Journal of Materials Science and Chemical Engineering
Vol.03 No.04(2015), Article ID:55098,5 pages

Interaction of the Linear-Connected Pittings

Saif A. Mouhammad

Physics Department, Faculty of Science, Taif University, Taif, Kingdom of Saudi Arabia


Copyright © 2015 by author and Scientific Research Publishing Inc.

This work is licensed under the Creative Commons Attribution International License (CC BY).

Received 2 March 2015; accepted 25 March 2015; published 27 March 2015


In this work, the mechanism of interaction of pittings, occurring on the heterogeneous surface of the passivated metal at presence in an aqueous electrolyte solution the activating (halide) anions is developed. A mathematical scheme describing this mechanism is presented. The equations for the currents density of the anodic dissolution of pitting as a function of concentration of activating anions and free water are obtained. The closed system of the equations representing a basis theory of an interaction of pittings is obtained.


Pitting, Electrolyte, Depassivation, Metal, Dissolution

1. Introduction

Pittings are called, as is known, local, i.e., small on the area (with a radius of r ~ 10-2 to 0.5 cm), but deeply penetrating, often through the destruction of the metal lattice in the electrolytes, occurring on the mechanism of its anodic dissolution.

Pittings spontaneously appear as a result of the interaction of the metal surface with an electrolyte with the values of the anode potential, which corresponds to the region of the passiveness of metal and the presence in electrolyte a sufficiently high concentration of activating anions. The most dangerous of them are ions.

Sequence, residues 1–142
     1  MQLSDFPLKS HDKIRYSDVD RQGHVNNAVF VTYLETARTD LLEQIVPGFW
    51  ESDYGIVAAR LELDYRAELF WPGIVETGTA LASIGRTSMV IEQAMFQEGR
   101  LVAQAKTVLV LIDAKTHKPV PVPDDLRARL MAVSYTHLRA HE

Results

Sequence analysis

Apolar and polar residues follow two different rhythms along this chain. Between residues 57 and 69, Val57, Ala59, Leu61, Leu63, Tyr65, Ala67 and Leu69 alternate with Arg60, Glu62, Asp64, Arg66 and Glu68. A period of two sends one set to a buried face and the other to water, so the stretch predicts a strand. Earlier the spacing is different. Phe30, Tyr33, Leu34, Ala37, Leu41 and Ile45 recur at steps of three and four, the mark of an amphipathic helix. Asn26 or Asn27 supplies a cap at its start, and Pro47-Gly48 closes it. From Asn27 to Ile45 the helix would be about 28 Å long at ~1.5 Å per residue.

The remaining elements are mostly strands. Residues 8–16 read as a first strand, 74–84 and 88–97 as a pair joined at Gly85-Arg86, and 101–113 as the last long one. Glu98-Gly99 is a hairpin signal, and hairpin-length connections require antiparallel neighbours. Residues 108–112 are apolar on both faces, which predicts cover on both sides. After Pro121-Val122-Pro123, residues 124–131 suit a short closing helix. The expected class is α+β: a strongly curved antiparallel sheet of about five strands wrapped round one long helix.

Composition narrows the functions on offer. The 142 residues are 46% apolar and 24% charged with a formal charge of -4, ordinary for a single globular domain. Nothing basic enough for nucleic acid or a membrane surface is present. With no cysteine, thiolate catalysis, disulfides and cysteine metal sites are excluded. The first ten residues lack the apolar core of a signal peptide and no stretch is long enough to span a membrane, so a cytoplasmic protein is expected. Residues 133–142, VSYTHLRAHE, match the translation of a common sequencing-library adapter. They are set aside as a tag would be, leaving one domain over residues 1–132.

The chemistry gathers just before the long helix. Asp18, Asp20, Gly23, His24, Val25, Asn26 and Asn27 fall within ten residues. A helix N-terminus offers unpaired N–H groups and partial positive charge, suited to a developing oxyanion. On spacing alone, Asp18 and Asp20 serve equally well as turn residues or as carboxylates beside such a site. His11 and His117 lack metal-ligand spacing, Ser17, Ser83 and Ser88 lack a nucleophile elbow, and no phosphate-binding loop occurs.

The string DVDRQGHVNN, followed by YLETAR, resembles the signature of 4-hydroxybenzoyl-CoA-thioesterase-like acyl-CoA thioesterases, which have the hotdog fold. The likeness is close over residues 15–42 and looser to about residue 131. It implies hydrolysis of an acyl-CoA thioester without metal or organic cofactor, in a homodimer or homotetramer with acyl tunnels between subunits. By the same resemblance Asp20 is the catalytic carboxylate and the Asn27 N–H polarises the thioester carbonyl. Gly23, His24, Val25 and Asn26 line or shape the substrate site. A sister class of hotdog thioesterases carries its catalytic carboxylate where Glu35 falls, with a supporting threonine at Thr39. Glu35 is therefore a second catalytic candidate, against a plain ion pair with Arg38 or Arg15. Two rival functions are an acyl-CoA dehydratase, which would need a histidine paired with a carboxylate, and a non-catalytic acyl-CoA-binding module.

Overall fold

The internal surface of a pitting is dissolved at a rate by (102 to 104) times greater than the rate of dissolution of the surrounding metal surface.

Therefore at the small on mass loss of metal, pittings render inoperable large metal structures, limiting the periods of their exploitation service in different production technologies and other regions.

Consequently, there are many experimental studies concerning pittings but the pitting process theory is underdeveloped. It is necessary to highlight the problem of the localization mechanism of pitting, the mechanism of their interaction and the mechanism of their growth. These tasks can be considered independently.

In [1] [2] , the problem of the growth of a single pitting is examined. In fact, on the metal surface there arise many [3] pittings, only a few of which survive and develop due to their interactions, for the first time considered in the article.

Relative to this interaction in [1] [2] is expressed only the idea about the fact that, for survival and increase of an emerged pitting ( the development of its nucleus, i.e. a locally depassivated section of the surface) is necessary the particular volume of the electrolyte solution, from which the developing pitting is capable to obtain the necessary for its increase reagents, precisely, the water molecules and the activating anions, for example halide. For them, the boundary of the region may not coincide and in process of development of pitting to be displaced. Interaction considerably of pittings is reduced to competitive fight for volume. This idea is developed below, taking into account the results of [1] [2] , for example system Fe in the aqueous solution HCl used in [4] in the case of chrome.